Wedding planner Beth Bernstein shares her tips on how to customize your big day.
I celebrated my 18th wedding anniversary this spring. As a wedding planner, people often ask me what I would change about my wedding if I could go back in time.
Our wedding was held at a traditional, private club with high ceilings, gorgeous crystal chandeliers, and dark hardwood floors. I kept everything classic – a palette of white, ivory, and champagne; tall centerpieces set atop large silver candelabra; Chiavari chairs; engraved invitations; and a menu featuring a choice of filet mignon or sea bass.
Would I change anything? Not really. (Well, maybe I wouldn’t use lilies in my arrangements – while they looked gorgeous, their fragrance is a bit overpowering.) I look back at my photos and think it holds up pretty well in comparison to the events of today – even after almost two decades.
What I would do is add a personalized touch. While my wedding was beautiful and classic in every way, it really could have been anyone’s celebration. There was nothing about it that illustrated, “This is Beth & Dan’s wedding.”
Couples have a multitude of ways to personalize their wedding and avoid the curse of the “cookie-cutter” wedding. Here are a few ideas to consider when planning your nuptials in order to let your guests know who you are as a couple.
Create a custom monogram or “logo” to be featured on every paper element of your wedding. From the save-the-date cards to the menus to the cocktail napkins, branding your wedding is the best place to start putting your stamp (quite literally) on every item your guests will touch.
Photo by Nakai Photography; Invitation by Ceci New York
Who says brides have to walk down the aisle to “Canon in D”? While the song is absolutely beautiful, I have heard it at 90% of the weddings that I have both attended and planned. Music is the perfect way to personalize your wedding to your taste. Are you and your partner super fans of The Beatles? “Here, There, and Everywhere” is one of my personal favorites and is sure to bring a tear to your guests’ eyes (and yours) as you walk down the aisle. For a more contemporary tune, “Marry Me” by Train or “A Thousand Years” by Christina Perri are both lovely options. Upbeat songs such as “You Make My Dreams Come True” by Hall & Oates and “Best Day of My Life” by American Authors for the recessional let your guests know that they are in for a fun evening!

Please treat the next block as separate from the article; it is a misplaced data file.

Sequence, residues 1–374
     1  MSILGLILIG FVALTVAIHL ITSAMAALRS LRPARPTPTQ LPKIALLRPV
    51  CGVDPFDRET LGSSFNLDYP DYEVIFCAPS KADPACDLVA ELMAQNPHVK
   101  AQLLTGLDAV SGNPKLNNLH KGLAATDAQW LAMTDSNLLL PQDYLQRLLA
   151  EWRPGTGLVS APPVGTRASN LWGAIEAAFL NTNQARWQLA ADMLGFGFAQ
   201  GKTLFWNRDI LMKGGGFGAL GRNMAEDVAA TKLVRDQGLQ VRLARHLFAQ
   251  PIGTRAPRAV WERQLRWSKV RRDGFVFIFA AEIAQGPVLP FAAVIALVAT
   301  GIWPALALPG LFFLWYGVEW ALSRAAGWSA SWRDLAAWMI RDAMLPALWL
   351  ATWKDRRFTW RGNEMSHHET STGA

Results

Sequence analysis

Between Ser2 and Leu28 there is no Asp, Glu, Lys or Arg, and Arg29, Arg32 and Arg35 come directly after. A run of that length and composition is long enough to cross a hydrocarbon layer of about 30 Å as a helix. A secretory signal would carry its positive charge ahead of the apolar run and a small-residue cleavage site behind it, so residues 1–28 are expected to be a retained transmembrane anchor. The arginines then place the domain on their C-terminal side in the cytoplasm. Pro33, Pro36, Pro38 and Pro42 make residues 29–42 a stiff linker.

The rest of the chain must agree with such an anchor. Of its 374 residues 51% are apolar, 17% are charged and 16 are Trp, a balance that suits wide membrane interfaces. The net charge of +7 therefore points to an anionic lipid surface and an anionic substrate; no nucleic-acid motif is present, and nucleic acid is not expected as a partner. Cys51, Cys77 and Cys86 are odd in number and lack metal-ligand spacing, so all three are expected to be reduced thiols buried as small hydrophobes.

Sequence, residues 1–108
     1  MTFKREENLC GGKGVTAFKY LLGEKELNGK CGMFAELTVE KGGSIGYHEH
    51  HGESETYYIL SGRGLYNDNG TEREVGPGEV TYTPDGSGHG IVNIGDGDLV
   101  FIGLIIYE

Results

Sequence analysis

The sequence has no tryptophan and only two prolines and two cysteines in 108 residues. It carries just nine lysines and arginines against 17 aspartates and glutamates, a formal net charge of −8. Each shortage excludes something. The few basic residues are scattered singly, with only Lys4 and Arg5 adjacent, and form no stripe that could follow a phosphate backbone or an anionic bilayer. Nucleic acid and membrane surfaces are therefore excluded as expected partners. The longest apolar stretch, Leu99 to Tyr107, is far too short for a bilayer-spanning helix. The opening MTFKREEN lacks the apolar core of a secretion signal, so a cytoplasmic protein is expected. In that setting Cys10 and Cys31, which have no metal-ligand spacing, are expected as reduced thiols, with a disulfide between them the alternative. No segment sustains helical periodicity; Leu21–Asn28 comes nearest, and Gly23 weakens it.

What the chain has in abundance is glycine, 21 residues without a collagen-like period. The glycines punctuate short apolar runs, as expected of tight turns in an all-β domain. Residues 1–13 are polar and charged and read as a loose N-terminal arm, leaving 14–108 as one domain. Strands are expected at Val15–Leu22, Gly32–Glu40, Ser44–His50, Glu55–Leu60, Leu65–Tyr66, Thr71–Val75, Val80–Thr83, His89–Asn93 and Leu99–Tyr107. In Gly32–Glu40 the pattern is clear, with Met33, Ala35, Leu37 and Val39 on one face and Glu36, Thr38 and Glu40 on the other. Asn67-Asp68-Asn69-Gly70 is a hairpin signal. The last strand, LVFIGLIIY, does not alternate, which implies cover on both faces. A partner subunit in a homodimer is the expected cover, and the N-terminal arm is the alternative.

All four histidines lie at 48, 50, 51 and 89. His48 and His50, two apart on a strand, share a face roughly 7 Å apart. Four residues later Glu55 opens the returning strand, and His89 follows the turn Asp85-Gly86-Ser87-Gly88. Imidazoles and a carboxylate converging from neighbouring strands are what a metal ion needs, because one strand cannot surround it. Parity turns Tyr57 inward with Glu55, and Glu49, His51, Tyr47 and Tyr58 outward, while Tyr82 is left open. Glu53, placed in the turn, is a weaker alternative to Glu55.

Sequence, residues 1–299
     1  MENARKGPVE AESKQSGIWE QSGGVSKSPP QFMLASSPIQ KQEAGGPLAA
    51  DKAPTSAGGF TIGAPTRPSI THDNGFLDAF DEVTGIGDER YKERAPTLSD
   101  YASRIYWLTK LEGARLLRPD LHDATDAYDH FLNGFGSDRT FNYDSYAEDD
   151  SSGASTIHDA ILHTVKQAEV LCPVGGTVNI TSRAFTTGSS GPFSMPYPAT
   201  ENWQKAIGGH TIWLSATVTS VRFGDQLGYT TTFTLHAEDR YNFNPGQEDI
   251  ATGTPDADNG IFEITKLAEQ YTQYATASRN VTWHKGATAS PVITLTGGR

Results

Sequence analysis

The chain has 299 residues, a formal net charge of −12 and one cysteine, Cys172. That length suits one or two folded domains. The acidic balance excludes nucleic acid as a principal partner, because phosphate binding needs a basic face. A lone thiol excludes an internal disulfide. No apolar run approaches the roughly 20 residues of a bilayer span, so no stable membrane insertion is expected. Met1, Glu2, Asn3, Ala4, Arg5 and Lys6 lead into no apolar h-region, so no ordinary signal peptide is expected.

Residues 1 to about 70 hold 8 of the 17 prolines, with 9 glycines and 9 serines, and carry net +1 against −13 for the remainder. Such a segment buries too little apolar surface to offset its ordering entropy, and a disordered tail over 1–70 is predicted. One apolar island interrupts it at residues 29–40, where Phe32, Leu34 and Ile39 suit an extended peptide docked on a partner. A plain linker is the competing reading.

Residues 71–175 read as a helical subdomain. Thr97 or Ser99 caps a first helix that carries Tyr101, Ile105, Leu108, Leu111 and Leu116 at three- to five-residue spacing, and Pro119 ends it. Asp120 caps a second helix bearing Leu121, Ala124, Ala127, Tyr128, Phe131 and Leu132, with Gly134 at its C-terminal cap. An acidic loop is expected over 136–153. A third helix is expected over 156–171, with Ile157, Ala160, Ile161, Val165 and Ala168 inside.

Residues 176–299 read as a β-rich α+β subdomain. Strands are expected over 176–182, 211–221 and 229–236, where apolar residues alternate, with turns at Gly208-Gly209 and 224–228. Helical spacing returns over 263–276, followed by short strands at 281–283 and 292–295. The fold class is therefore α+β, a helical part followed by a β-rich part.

Photo by Dennis Lee Photography
Here’s where you can really get creative, and personally, I think cocktail hour and dessert are the best places to infuse your personal taste. For passed hors d’oeuvres, add a pennant with your favorite baseball team’s logo to mini hot dogs or include lobster rolls if you’re from New England for a unique bit of flair. Don’t love cake? Serve a variety of your favorite pies for dessert! Donut die-hards? Bring in these sweet treats from a local bakery and serve them with coffee – in a personalized cup, of course.
Photo by Dennis Lee Photography
Photo by Jeremy Lawson Photography
Photo by Nakai Photography
Photo Booth Fun
Photo booths are hot right now and they aren’t likely to go away anytime soon. Instead of the traditional booth like you see in bars or at every other wedding, do an “open” booth with a custom backdrop. I know a bride who surprised her British groom by bringing a bit of London to Chicago with a backdrop featuring Britain’s iconic red phone booths.
Photo by Averyhouse
So whatever your taste may be, let it be yours. Allow the big day to represent the two of you: where you’ve been or even where you hope to go. By including details that go far beyond the typical expectations, you’ll create what may turn out to be some of your favorite memories of the day.